Judged by the profits that companies are making, the current financial year’s second quarter has been arguably the worst since quarterly figures became available a decade ago—even as profit margins have fallen to razor-thin levels. Indeed, for many companies there has been an actual decline in profits, if not outright losses. Given that the downturn has just begun and very likely will get worse, this is depressing news, matched as it is by sundry surveys that show a comparably steep fall in business confidence—reflected in the numbers on capacity utilisation, new orders, investment plans, prices on inputs and output, financial stability and other similar parameters. For a common sample of companies that account for the bulk of corporate India’s sales, net profit growth more than halved from 11.2 per cent in Q2 2007-08 to 8 per cent in Q1 2008-09 and further to 4.9 per cent in Q2 2008-09. If you remove the oil companies, as you should because of the distortions caused by government policy, the figures are 19, 9.5 and 6.9 per cent, respectively.
That does not mean there is no silver lining, for several big companies have performed quite well in the July-September quarter. In the automobile segment, while Maruti Udyog and Tata Motors have seen their net profits fall by more than a third, two-wheeler giant Hero Honda reported 36 per cent growth in its top line and a stunning 50 per cent improvement in its bottom line. Reliance Industries reported only a 7 per cent growth in bottom line, but Tata Steel saw net profits rise 50 per cent, Tata Chemicals 34 per cent and Tata Tea 168 per cent ... the list goes on. Indeed, the surprising element in the whole picture is not the pressure on bottom lines but the healthy growth of top lines—revenues have actually surged in what is supposed to have been a difficult quarter. However, the slowing down of the overall economy does mean that sales too will lose momentum, even as there is further pressure on margins. Companies like the auto firm Hyundai have raised prices, which may help protect margins but could dampen demand. While companies like Larsen & Toubro have seen 32 per cent growth in net profits, the slowing down of infrastructure spending will impact it in the next quarter. Ditto for construction firms where, already, margins are squeezed because of slowing demand and price pressure. A significant development is that interest costs have doubled from a quarter ago to around 38 per cent of post-tax profits, and this is before banks started slashing credit limits and hiked lending rates as a response to the liquidity squeeze.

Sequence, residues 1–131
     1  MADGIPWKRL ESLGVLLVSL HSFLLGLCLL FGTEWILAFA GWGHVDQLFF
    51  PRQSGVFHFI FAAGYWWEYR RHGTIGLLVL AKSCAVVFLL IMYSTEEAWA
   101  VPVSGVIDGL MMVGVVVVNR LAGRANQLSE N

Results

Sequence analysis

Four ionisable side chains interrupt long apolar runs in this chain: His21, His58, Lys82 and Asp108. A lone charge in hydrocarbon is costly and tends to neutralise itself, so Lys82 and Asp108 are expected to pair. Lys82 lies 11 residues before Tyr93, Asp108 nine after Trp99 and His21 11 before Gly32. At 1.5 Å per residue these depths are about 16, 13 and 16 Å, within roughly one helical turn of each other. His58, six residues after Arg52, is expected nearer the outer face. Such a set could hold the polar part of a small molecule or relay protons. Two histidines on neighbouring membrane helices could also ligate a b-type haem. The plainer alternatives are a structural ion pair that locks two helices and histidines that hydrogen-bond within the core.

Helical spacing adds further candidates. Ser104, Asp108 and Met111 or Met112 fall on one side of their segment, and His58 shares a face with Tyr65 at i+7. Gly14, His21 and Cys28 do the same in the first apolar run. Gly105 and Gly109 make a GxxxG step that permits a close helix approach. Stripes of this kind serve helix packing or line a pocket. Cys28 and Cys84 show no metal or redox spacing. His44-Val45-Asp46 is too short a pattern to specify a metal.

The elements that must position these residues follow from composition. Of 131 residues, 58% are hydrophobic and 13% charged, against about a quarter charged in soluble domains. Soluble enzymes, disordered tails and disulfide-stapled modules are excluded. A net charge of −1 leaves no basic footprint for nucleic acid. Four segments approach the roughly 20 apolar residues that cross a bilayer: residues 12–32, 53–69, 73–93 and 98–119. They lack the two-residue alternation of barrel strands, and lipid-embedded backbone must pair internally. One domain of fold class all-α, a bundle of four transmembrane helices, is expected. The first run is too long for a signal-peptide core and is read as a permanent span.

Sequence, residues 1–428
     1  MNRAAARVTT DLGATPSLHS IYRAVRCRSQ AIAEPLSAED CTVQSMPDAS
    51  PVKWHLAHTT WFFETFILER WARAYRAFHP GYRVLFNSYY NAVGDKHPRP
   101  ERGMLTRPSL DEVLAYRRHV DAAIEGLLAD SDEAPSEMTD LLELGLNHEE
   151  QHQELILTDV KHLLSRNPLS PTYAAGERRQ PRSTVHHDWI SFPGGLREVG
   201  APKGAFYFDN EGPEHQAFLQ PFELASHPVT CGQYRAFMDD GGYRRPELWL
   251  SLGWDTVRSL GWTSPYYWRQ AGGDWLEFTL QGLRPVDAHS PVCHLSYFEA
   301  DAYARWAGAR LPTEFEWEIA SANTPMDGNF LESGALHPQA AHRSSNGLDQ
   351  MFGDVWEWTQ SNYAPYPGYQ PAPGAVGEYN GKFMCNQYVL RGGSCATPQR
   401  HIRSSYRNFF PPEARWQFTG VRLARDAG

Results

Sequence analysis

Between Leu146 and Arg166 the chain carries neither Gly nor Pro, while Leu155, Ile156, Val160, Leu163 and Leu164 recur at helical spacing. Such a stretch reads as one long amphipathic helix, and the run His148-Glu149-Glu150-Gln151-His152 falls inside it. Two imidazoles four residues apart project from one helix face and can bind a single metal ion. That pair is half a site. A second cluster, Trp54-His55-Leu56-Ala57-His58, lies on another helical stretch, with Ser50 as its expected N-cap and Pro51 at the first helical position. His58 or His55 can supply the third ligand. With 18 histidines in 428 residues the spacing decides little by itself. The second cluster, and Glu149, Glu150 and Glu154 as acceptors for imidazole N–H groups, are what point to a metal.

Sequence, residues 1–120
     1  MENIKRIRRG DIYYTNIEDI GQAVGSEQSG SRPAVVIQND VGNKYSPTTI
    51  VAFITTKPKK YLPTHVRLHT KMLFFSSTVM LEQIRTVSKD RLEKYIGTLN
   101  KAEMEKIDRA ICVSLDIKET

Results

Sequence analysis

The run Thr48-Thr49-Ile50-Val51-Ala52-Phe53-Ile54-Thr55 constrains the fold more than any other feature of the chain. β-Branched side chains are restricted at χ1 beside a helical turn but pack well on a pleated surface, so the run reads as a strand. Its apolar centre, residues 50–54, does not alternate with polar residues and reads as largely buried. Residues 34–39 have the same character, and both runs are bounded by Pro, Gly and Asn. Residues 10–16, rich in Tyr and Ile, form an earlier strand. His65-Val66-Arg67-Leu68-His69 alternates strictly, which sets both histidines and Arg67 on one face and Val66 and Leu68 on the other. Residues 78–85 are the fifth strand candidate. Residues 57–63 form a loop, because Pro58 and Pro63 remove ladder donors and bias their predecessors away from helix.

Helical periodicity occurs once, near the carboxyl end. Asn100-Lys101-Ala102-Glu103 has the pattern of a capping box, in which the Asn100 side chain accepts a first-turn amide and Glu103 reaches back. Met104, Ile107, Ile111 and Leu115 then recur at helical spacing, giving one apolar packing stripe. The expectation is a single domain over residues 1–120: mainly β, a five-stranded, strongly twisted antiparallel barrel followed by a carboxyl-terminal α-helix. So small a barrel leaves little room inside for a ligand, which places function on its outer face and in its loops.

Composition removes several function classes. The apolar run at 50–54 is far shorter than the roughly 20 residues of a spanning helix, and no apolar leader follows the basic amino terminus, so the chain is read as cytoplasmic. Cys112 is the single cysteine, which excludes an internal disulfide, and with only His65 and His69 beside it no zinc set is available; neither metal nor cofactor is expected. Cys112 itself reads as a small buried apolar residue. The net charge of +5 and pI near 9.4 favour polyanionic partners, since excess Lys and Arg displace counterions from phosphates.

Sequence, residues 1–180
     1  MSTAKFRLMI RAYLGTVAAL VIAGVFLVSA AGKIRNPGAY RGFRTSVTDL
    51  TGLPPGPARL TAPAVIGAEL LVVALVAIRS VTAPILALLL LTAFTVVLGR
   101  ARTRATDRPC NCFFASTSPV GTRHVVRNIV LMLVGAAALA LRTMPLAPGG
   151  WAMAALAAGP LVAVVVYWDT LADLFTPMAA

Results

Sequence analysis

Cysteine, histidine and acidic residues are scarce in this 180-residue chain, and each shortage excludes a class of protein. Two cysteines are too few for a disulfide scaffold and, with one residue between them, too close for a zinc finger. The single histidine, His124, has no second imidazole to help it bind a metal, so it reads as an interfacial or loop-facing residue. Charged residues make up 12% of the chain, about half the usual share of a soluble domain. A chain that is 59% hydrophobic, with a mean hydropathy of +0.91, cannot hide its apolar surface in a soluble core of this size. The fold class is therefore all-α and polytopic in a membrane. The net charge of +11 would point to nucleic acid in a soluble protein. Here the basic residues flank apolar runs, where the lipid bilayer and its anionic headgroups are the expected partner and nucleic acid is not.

The future is clouded by many uncertainties. There is the softening of commodity prices, which will bring cost relief to some firms while hurting the producers in those sectors. The dip in the rupee’s external value will neutralise some of the commodity price decline, and provide some pricing cushion to domestic producers while giving better returns to at least some exporters. The liquidity squeeze will affect spending, but the drying up of fresh investment that will result from the stock market’s downturn will in time help existing producers regain some pricing power. Overall, economic growth is likely to be slower than most forecasters have been putting out, and the mood is not likely to improve as companies start asking employees to leave. In short, the coming months will test companies’ mettle in quite different ways from what happened during the go-go years that have ended.
6 months ago